Hey, how are you doing? This is Steve Sims. You probably already knew that. In any case, I just did a Facebook Live a little while ago and I called a position you asked, because something was actually aggravating me. As you know, a book came out recently. For those that don’t know, I actually got around to doing a book called, Bluefishing: The Art of Making Things Happen.
In the book, it talks about positioning your ask. I’m a great believer that whenever you go to someone, you already know what you want. That’s why you’re contacting them. The other person is now faced with a question, “Who is this person? What do they want?” The higher you get up the ladder in business or in celebrity or whatever, you become very cynical because, quite simply, a lot of people are coming to you and they’re asking you questions.I'm a great believer that whenever you go to someone, you already know what you want. Click To Tweet
You’ve got to be able to communicate with these people very quickly why you need to be there. You see, you can get your foot in the door. The secret sauce is to be so irresistible, they don’t want you to leave. So when you actually speak to someone, you’re going to say, “Hey, how are you? I appreciate you taking this time. I believe you’ve got a cause going, a charity, you’re working on a project. I believe I can do this for you. I can help this for you, because I need this.”
So, what you’re doing is you’re very quickly giving them a reason, from the research you’ve done ahead of time before you’ve contacted them, as to why you should be involved in that conversation. Again, you want to chat with them, get them to converse with you. It’s a tennis tournament. It goes backwards and forwards.
Now, I’ve put in this book the whole point of how to position them and ask how to communicate with people, how to be more interested, then interest him, but I’ve been getting emails, texts, PMs, DMs, depending on what social platform you’re on, recently, where there’s been a few people, amateurs, I’m going to go as rude as to call them amateurs, where they’ve got a hold of this book. And then they’ve reached out to me, send me these lengthy texts on, “Hey, I’m launching this business and I want to work with this, and I want to work with the super affluent, and I want to be doing all of this. How do you do it, Steve?” Or, “Tell me how this has done?” Or, “What should I be doing here?” And I’m emailing those people back or I’m messaging them back and I’m going, “Why?” Or I’m saying, “What’s in it for me?”
Now, I don’t want to come across as a prick. If I do, well, maybe I am. But I want to challenge you to give me a reason why I have to give up my 50 odd years of doing what I do to give you this information. You see, you don’t pay me to tell you the answer. You pay me because I’ve spent my time falling over to learn how to do things. So you pay me for my knowledge. You’re the same out there. People pay you because you have something that they don’t have. Maybe if they spent 30 years practicing your talent, your trade, your skill, they would be as good as you, but they’re not. So they’re paying you for that reason. So when they communicate with you, you need to be blunt and value your time and say, “Well, what’s in it for me?”You pay me because I've spent my time falling over to learn how to do things. So you pay me for my knowledge. Click To Tweet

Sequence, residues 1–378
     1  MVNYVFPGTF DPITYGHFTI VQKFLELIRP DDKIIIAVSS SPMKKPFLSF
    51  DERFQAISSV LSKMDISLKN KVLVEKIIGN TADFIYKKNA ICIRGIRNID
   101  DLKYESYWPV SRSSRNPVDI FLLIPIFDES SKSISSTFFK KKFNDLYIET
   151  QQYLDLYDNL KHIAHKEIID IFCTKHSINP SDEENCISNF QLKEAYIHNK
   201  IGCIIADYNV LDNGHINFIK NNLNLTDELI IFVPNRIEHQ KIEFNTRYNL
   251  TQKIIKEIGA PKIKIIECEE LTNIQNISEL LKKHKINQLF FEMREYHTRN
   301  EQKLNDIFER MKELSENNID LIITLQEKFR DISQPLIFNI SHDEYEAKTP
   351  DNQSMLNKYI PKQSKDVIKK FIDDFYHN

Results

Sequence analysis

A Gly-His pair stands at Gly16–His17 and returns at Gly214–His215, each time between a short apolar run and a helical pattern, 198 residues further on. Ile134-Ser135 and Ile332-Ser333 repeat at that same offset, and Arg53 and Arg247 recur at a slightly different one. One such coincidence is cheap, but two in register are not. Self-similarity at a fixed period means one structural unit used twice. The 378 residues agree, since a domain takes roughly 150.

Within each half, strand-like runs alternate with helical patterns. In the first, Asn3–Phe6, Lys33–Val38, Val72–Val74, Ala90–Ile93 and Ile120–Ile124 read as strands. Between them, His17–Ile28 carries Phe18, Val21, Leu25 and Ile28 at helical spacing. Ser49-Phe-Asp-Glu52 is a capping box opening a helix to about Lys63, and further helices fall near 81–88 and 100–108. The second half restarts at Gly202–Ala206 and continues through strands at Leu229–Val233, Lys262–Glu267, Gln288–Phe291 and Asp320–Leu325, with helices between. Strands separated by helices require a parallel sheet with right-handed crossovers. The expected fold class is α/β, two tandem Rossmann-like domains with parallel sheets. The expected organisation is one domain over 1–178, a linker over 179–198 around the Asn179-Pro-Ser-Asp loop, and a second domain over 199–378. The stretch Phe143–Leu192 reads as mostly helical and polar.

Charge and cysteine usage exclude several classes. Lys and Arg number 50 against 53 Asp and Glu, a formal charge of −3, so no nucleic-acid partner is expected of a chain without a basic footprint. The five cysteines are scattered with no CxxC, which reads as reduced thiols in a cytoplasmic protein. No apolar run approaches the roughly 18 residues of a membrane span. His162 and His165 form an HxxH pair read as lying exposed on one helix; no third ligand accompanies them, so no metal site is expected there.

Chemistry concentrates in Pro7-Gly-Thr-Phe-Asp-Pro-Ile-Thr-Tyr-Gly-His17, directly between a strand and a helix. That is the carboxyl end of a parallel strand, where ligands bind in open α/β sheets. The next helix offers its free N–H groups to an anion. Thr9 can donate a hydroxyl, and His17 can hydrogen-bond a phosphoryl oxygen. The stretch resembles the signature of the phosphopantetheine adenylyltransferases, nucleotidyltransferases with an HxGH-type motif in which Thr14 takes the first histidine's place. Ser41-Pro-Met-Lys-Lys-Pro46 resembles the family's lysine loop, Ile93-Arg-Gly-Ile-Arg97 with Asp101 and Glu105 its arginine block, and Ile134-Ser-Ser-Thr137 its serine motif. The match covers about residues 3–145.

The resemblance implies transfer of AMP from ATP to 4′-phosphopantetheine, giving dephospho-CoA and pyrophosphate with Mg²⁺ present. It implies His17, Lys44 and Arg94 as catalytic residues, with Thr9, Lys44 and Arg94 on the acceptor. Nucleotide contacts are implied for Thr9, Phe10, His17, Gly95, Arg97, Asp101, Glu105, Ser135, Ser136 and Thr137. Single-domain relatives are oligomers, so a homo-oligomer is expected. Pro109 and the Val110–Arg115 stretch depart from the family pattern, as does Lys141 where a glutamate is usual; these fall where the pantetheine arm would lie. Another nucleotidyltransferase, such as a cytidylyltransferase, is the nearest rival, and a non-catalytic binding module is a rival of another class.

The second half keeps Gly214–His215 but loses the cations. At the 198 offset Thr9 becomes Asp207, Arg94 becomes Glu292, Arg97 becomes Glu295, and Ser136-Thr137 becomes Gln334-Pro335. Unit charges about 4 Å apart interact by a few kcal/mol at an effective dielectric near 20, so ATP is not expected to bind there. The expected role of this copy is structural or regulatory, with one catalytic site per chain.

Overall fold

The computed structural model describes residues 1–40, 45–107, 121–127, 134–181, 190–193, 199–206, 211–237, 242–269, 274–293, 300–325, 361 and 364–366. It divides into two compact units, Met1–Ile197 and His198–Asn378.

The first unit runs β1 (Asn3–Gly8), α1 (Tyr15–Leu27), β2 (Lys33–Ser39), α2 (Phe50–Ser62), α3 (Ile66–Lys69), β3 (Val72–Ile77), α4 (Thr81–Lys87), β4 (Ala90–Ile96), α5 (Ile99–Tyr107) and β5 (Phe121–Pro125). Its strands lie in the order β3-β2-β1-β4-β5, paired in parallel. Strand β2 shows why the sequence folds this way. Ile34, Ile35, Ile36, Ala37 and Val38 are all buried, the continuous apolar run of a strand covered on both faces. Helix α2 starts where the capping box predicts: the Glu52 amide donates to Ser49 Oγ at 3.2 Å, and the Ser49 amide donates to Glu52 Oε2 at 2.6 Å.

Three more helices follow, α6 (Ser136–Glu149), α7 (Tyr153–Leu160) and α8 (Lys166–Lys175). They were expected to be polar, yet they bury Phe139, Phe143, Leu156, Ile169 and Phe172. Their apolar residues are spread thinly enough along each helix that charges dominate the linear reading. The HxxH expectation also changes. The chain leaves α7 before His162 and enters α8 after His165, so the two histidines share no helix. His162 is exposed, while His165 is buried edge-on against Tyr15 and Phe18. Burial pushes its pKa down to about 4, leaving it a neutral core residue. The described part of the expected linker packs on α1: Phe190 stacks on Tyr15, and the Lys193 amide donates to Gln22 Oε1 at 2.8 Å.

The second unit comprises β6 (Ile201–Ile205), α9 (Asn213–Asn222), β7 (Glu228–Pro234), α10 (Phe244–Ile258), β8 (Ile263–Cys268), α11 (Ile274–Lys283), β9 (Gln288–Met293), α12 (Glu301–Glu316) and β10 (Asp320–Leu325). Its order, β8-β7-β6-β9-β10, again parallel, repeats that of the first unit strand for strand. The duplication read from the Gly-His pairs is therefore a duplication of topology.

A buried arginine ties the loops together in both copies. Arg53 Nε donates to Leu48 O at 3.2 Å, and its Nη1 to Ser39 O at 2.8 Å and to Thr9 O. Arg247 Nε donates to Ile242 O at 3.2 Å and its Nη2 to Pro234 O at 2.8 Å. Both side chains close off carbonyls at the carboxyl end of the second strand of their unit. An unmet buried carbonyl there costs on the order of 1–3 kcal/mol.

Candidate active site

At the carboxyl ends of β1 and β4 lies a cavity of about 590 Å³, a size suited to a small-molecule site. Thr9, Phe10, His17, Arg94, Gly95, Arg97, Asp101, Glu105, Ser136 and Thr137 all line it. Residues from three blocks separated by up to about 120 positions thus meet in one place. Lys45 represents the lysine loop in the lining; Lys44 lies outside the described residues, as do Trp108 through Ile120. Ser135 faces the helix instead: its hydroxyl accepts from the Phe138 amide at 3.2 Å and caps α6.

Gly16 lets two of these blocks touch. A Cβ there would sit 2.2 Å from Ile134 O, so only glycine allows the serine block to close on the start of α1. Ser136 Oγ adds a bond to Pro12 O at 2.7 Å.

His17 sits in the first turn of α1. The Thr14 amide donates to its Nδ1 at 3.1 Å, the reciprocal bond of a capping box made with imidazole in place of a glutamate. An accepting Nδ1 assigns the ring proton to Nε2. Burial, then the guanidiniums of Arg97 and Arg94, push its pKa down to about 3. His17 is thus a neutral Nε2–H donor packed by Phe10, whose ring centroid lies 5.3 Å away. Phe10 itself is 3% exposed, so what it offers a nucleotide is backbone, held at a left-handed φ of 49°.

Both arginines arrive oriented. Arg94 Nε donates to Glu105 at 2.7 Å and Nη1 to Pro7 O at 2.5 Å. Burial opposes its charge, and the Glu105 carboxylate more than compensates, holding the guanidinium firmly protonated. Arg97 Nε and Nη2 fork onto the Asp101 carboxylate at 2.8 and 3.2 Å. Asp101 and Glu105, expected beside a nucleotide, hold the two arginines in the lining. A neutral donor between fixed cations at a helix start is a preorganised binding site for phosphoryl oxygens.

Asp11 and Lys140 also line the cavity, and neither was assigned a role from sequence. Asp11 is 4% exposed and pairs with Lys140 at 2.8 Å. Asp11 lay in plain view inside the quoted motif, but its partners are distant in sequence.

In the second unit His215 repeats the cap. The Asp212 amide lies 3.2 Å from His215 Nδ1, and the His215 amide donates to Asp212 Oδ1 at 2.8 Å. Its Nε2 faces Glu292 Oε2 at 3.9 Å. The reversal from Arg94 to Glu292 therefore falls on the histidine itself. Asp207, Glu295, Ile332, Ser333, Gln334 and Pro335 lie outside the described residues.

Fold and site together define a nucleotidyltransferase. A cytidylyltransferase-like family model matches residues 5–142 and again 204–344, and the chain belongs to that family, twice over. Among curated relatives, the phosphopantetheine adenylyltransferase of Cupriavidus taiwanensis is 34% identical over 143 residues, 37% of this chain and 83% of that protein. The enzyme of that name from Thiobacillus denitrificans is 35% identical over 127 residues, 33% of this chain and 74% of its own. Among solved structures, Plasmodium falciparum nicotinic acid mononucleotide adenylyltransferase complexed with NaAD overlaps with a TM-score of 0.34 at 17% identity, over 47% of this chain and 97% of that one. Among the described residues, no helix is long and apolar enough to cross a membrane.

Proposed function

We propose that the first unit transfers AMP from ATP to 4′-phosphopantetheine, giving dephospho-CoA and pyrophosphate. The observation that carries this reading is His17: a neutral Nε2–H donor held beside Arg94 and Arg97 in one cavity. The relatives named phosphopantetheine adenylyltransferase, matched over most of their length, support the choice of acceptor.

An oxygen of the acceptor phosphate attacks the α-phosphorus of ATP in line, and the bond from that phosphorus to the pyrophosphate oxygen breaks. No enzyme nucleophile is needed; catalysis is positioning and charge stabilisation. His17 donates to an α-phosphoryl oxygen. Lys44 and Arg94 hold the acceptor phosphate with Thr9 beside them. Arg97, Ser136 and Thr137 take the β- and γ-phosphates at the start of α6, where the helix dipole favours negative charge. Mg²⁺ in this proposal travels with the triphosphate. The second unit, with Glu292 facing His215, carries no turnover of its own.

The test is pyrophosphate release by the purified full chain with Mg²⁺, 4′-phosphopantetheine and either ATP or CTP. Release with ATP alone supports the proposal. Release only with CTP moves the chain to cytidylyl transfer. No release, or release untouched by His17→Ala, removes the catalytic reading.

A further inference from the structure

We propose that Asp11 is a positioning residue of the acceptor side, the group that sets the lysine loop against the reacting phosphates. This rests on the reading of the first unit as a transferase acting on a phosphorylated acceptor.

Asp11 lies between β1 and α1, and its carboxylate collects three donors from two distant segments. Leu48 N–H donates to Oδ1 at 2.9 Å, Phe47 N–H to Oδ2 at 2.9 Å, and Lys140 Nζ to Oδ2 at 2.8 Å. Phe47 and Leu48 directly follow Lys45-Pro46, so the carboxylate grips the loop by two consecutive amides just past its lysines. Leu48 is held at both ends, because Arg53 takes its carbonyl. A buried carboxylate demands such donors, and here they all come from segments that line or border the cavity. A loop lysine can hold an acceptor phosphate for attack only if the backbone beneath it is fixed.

Now, if someone says to you, “Well, good question. I want to be able to give you this.” Then it’s your decision to go, “Well, okay. That’s a good trade. Yeah. I’d like that.” It could be, “Hey, I’m going to do something for a local school, if you give me this knowledge.” Or I had someone actually contact me saying, “Look, I don’t have a lot of money. I need some help with this. And do you know what I’m going to do? I’m going to go to my local village, my local community, and I’m going to go to people and knock on their door. And I’m going to free clean their car, put out their garbage, clean up their lawn. I’m going to do something to those people that maybe they can’t do it themselves or maybe doing that chore would help them with their time.” Now that makes me feel good. That’s what’s in it for me.
So my point is, position the ask and give them a reason why they should listen to you. Now, if you’re reading this book and you’re one of those people to send that, try again. Send me another message to maybe get me engaged or for those people that actually got insulted when I asked why, or what’s in it for me, then be challenged. Step up and go, “Good question. This is what’s in it for you.” And remember the next time you ask a question, don’t ask someone or don’t allow someone to come back with a why or what’s in it for me, answer that in the question, “Hey, I realize you’re busy at the moment, but I want to ask this question and I noticed you’re interested in this. This is what I can do for you.” Or, “You’ve got this coming out. I can spread this out to my people.” Or, “I have an opinion on that project. I would really like to express it with you.”
So the bottom line of it is, position your ask. And if you’re on the receiving end, challenge people, “Why? what’s in it for me?” Or “Why?” Just simply why. It will actually be a great filter and the more busy you get within your life actually gets rid of those flakes that just are after you for instant information and are not willing to give back to either you, the community, or someone else.
Anyway, that’s my little rant. All the best.